The presidential GOP Iowa Caucuses have become the traditional staging area of the GOP clown car, but this election cycle some GOP candidates race to portray themselves as moderate and sane vis a vis their records.
There's Sen. Rand Paul (R-Kentucky) joining the I'm-a-moderate caucus though Paul (Peter, NYT) just can't help himself from loudly declaring the Federal Reserve is an evil that needs to be vanquished in defense of "liberty" (Audit the Fed; Jacobs, Des Monies Register), notwithstanding the fact the Fed staved off a depression after the Bush-Cheney global economic crisis. (Donnan, Financial Times)
Des Moines Dem of the Bleeding Heartland in Iowa sees Chris Christie and Jeb Bush competing for the moderate image as well. Writes Des Moines Dem:
Theoretically, if the presidential field remains fractured with half a dozen conservatives or more, a moderate candidate could sneak through to place first or second in the Iowa caucuses. I see Bush as slightly better positioned here than Christie. Although Bush's stands on immigration and Common Core are huge negatives with the hard-core conservatives, they will not bother establishment Republicans. Christie registered the highest unfavorable ratings in the recent Des Moines Register/Bloomberg Politics poll of Iowa Republicans, and Bush is likely to raise far more money during the first half of this year. Those dynamics may make Iowa moderates ready to coalesce around Jeb by the summer or early fall.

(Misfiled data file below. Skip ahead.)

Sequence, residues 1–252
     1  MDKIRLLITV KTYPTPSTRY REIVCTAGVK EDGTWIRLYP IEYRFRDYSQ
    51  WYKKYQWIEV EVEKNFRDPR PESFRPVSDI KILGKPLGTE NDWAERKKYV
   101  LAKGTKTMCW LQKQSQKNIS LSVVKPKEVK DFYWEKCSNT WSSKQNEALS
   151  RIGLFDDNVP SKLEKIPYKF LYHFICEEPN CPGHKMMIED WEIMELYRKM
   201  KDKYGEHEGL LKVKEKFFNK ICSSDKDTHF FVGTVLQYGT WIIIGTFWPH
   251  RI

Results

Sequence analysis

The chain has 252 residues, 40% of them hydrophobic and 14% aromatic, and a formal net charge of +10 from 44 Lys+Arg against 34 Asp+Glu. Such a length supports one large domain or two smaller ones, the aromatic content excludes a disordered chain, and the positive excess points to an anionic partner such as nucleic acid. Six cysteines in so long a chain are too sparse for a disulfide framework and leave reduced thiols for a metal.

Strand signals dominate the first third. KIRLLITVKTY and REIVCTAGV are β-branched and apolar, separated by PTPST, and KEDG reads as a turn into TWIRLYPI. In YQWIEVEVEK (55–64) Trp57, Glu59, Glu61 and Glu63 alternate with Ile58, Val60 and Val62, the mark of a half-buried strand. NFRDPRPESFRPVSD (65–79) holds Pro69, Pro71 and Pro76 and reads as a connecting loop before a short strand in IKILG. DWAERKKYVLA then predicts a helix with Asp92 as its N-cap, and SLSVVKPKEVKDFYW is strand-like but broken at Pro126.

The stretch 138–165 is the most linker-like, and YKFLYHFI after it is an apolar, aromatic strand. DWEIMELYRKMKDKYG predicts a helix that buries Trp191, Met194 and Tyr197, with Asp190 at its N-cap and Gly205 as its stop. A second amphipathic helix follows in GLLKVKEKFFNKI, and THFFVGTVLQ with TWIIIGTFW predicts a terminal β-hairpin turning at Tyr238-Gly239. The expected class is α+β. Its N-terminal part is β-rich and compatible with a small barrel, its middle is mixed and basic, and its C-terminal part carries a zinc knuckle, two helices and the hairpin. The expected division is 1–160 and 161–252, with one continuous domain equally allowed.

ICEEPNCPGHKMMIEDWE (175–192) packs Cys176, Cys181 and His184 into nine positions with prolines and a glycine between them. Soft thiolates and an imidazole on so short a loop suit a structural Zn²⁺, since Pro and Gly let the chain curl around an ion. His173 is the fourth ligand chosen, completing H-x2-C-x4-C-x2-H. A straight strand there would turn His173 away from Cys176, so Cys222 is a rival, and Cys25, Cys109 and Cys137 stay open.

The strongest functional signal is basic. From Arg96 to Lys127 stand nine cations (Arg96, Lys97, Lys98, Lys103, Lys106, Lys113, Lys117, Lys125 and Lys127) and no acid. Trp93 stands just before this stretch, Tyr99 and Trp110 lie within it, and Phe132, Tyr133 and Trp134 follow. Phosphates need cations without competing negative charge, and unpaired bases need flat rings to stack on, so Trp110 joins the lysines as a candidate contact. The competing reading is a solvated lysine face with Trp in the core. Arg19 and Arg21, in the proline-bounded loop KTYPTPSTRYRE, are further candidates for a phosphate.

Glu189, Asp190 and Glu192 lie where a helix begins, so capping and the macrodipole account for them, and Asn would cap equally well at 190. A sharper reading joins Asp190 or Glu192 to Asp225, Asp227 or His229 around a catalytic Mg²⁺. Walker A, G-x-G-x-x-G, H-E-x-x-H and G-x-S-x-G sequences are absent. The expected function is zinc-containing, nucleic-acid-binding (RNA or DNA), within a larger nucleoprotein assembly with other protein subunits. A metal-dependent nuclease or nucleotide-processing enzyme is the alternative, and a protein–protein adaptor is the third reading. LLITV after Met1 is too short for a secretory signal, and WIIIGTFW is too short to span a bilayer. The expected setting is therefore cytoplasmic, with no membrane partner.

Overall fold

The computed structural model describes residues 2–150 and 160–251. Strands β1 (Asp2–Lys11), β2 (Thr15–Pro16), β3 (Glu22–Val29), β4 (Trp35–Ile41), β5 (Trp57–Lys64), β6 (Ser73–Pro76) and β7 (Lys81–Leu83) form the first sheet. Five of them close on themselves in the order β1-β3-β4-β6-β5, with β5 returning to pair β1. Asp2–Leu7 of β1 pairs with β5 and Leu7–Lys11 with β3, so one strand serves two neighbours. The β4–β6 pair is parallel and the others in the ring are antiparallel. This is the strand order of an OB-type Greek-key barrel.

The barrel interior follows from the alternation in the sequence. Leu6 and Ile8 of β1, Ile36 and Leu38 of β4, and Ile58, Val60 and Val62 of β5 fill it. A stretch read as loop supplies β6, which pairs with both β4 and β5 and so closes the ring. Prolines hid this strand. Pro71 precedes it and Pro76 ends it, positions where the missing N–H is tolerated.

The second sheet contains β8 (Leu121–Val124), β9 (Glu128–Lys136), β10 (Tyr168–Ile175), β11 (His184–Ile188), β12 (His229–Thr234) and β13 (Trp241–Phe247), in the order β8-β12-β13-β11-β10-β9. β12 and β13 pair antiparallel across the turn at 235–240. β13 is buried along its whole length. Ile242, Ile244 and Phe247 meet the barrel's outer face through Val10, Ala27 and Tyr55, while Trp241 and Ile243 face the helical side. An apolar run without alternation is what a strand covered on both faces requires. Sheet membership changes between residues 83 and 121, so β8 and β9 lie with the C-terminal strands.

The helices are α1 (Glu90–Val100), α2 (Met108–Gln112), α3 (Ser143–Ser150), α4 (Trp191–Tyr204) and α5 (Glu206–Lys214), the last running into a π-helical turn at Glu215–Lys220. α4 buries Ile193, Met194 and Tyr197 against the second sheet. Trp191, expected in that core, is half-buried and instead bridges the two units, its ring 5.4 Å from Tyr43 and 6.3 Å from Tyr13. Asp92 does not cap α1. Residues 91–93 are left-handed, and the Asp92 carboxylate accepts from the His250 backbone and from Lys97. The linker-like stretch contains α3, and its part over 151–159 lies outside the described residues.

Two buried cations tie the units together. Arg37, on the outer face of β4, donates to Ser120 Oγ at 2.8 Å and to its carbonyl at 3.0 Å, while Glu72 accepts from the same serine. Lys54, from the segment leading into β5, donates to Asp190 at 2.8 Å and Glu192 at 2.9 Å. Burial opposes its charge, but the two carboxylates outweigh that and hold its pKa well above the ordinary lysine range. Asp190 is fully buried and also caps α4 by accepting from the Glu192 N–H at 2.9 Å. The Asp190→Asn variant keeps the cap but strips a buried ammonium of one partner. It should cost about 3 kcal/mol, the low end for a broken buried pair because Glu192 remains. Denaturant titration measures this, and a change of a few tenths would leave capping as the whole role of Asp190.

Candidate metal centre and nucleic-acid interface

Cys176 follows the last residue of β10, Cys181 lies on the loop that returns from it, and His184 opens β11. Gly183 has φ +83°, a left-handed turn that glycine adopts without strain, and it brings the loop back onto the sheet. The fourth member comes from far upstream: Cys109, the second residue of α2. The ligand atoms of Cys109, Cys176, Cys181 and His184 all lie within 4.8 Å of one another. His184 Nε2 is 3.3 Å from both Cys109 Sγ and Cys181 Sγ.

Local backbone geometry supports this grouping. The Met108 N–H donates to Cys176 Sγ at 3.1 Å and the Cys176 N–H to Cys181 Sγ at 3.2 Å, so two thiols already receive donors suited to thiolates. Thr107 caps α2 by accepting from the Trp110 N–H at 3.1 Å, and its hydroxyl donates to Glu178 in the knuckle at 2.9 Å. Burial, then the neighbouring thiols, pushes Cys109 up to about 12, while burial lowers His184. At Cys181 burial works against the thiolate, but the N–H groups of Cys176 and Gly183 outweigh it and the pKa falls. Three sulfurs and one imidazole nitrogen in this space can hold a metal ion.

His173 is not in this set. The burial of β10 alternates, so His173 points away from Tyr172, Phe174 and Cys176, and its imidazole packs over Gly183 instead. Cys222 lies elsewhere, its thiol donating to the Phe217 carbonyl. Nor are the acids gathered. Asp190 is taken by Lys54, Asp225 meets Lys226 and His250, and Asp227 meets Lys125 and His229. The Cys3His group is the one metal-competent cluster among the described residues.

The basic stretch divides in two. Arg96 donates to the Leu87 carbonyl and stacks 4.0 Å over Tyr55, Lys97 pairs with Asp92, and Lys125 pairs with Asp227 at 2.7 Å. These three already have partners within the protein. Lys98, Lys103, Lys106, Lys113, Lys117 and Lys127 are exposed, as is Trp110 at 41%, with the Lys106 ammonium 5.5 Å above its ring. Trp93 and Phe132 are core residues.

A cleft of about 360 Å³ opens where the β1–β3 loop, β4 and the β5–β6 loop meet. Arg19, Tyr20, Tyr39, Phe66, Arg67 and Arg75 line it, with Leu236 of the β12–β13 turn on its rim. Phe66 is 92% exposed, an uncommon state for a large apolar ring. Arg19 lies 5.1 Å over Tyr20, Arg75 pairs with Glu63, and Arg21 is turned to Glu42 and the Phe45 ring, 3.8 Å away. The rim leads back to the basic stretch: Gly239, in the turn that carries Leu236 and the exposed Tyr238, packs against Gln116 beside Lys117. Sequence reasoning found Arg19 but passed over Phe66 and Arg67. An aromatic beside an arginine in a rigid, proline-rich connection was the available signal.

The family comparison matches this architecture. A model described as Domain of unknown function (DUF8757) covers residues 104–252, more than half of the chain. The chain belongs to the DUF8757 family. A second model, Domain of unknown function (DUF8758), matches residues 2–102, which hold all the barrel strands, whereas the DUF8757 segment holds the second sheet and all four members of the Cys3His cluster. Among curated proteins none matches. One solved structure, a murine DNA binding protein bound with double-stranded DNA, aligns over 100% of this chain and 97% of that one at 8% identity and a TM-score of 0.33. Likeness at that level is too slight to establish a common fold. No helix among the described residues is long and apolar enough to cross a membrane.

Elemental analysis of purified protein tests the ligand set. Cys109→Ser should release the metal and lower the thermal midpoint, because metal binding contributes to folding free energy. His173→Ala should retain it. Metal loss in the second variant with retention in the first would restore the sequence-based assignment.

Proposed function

As for Scott Walker, the word is out he is a destructive extremist who has attacked voting rights, the environment, the University of Wisconsin, K-12 education, the search for truth as a mission of higher education, the right to unionize, the largest city in Wisconsin, and rewarded campaign contributors, while dodging criminal probes of corruption and misconduct in public office.
Hence, Scott Walker is polling number one in the white, rural bin of nativism steeped in pig shite that is the Republican Party of Iowa.
Walker v. Jeb seems likely, unless Walker, in London for four days and meeting with British Prime Minister David Cameron, tells journalists that he cares too much about our friends across the pond to not advise Cameron that England should scrap its number one-ranked, socialized healthcare system. (The Independent)